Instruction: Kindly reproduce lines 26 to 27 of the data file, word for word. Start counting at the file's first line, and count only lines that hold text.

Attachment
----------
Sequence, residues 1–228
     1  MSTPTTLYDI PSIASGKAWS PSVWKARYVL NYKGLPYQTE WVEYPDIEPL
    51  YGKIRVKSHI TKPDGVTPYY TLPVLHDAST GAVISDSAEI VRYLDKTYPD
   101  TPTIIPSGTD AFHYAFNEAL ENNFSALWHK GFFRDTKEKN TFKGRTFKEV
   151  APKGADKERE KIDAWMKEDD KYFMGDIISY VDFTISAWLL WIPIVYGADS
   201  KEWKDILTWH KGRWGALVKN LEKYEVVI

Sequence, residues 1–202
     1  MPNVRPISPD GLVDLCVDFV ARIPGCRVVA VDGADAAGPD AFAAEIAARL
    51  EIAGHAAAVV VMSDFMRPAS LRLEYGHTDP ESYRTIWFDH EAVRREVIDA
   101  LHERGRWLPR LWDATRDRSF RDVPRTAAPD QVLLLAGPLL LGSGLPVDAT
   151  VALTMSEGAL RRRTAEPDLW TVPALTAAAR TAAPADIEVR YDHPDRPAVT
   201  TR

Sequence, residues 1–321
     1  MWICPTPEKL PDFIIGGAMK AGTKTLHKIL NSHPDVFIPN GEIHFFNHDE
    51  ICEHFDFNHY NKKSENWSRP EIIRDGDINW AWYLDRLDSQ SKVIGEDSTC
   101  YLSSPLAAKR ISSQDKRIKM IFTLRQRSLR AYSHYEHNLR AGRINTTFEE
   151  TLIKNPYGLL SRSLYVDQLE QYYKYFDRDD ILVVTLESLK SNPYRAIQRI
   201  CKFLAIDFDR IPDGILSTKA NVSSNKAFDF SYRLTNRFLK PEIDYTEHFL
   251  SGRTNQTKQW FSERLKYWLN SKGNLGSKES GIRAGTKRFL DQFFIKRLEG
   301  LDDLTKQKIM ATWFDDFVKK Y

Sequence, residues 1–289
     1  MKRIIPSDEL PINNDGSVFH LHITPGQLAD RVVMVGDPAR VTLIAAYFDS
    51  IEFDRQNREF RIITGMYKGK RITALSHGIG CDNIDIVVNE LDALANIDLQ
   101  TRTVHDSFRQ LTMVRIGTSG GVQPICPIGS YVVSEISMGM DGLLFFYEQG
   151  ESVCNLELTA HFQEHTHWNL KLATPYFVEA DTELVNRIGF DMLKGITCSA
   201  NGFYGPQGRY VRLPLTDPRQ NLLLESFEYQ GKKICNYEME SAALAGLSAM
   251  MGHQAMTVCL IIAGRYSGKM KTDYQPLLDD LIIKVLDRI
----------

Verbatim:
   201  NGFYGPQGRY VRLPLTDPRQ NLLLESFEYQ GKKICNYEME SAALAGLSAM
   251  MGHQAMTVCL IIAGRYSGKM KTDYQPLLDD LIIKVLDRI